Where the subject-matter of the contract is “unique”, a strong case can be made for specific performance. The more unusual the subject-matter of the contract, the more difficult it becomes to assess the plaintiff’s loss.
. . . . .
An award of damages presumes that the plaintiff’s expectation can be protected by a money award which will purchase substitute performance. If the item bargained for is unique, then there is no exact substitute.
 Two considerations emerge from that passage.
First, it is the subject matter of the contract, not the land alone that must be unique or unusual.
Second, the measure of the adequacy of a money award is whether it “will purchase substitute performance”.
These considerations help shed light on the analysis where the vendor is the plaintiff. The “uniqueness” analysis in such circumstances has a slightly different focus than in the usual case where the purchaser seeks the remedy. There, the issue is whether the land itself has some peculiar or special value to the purchaser who is [page131] seeking to obtain it and whether there is a reasonable substitute readily available.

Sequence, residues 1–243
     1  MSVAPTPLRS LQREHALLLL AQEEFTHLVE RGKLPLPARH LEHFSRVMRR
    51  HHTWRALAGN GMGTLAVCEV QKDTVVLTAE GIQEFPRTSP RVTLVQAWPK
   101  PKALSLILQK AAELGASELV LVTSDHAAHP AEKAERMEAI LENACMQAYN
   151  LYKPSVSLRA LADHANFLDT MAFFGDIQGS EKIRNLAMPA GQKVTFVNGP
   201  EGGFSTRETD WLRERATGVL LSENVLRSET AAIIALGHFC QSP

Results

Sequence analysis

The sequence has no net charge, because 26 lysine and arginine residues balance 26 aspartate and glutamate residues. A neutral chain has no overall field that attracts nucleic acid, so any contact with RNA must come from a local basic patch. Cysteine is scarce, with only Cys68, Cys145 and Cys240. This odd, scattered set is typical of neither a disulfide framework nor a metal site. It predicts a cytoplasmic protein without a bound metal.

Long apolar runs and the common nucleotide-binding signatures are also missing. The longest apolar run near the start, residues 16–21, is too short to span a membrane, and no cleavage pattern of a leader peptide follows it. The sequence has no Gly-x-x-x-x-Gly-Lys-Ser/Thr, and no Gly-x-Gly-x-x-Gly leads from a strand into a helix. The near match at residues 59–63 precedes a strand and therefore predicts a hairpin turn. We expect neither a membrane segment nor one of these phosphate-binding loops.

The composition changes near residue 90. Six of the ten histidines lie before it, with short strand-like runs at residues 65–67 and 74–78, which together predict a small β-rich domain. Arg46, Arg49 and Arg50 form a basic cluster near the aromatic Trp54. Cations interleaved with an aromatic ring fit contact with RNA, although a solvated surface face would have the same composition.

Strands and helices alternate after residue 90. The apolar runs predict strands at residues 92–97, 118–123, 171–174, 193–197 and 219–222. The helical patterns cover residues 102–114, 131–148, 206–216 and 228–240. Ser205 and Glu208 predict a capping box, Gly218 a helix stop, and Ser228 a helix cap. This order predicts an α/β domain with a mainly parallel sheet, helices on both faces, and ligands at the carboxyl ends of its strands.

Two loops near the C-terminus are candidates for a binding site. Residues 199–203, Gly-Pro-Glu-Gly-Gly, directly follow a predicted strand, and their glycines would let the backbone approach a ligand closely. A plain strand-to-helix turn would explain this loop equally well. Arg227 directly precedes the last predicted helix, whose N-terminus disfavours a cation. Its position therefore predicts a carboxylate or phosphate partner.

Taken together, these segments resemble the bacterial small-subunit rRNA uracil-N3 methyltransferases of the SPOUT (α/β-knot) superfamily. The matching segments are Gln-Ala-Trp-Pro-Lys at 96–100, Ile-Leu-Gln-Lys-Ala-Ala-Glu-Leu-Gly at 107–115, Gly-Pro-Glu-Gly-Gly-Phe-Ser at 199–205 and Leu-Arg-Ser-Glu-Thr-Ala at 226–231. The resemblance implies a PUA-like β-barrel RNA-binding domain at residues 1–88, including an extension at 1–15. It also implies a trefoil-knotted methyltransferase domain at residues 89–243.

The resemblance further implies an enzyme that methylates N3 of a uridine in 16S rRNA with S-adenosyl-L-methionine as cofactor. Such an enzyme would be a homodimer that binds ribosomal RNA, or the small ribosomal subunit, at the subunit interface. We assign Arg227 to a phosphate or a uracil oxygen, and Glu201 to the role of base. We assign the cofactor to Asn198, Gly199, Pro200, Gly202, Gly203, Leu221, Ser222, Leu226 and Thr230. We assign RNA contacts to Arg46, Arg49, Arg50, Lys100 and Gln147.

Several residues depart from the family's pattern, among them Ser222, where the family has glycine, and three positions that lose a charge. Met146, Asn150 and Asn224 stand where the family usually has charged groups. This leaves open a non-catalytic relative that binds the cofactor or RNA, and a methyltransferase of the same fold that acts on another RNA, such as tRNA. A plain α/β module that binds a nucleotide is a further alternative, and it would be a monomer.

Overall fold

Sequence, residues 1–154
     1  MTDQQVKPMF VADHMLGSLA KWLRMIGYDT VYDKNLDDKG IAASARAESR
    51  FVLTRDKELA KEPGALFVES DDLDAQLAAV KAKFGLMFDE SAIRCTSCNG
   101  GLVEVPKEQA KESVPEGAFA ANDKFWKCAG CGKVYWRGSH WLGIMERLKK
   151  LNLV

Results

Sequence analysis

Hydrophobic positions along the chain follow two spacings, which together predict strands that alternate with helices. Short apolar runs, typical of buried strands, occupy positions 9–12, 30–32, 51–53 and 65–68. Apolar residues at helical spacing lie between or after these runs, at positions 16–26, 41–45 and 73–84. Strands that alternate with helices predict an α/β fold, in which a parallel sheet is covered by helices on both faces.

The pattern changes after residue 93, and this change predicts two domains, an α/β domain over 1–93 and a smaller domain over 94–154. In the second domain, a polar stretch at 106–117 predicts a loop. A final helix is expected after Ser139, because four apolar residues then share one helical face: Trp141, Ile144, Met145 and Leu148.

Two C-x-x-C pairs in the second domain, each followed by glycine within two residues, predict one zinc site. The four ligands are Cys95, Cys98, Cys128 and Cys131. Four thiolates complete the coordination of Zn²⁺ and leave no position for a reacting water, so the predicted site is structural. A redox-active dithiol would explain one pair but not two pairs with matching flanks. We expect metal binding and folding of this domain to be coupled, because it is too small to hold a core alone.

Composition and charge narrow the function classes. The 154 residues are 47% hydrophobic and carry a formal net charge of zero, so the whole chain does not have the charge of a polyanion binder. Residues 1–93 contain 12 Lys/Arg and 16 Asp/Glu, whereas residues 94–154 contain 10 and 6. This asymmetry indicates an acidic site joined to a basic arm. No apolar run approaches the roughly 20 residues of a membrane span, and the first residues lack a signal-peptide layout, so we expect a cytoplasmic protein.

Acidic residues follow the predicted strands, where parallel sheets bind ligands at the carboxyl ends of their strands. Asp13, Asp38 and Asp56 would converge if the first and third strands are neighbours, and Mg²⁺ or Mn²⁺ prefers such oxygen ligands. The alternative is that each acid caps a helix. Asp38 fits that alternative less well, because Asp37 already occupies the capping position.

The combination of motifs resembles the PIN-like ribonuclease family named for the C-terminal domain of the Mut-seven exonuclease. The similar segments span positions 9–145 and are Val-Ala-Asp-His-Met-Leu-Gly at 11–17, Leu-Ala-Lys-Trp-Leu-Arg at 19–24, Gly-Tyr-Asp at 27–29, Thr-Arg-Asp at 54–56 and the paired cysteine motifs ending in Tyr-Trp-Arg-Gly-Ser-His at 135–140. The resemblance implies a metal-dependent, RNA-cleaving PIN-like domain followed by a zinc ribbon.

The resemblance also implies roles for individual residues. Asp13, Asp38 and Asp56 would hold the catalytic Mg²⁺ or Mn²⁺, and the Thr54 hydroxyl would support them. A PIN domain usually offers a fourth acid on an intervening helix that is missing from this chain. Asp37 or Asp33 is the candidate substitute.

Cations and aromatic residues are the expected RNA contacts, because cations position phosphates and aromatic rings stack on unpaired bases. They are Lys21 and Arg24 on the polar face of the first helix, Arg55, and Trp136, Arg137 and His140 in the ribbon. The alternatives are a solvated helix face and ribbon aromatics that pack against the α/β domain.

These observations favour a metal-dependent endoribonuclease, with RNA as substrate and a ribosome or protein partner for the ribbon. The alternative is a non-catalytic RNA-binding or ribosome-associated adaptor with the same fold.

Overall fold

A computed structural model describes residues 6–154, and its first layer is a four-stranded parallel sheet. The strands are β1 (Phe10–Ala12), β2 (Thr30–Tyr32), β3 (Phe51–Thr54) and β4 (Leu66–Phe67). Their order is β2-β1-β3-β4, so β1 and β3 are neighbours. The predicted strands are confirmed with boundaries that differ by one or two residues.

That paradigm does not fit into the analysis as readily where the vendor seeks specific performance. In one sense, there is nothing “unique” about the property the vendor receives when such an order is made. The vendor receives the purchase price — the value of the land in money according to the contract. It does not follow, however, that there may not be uniqueness, or a special character, to the circumstances of the transaction — the subject matter of the contract viewed more broadly — that will justify specific performance. Where the vendor seeks the remedy, the focus should be on the transaction as a whole.  The trial judge recognized this. He said that [at para. 335] “the adequacy of money damages will turn on the question of whether the subject matter of the contract is generic or unique”.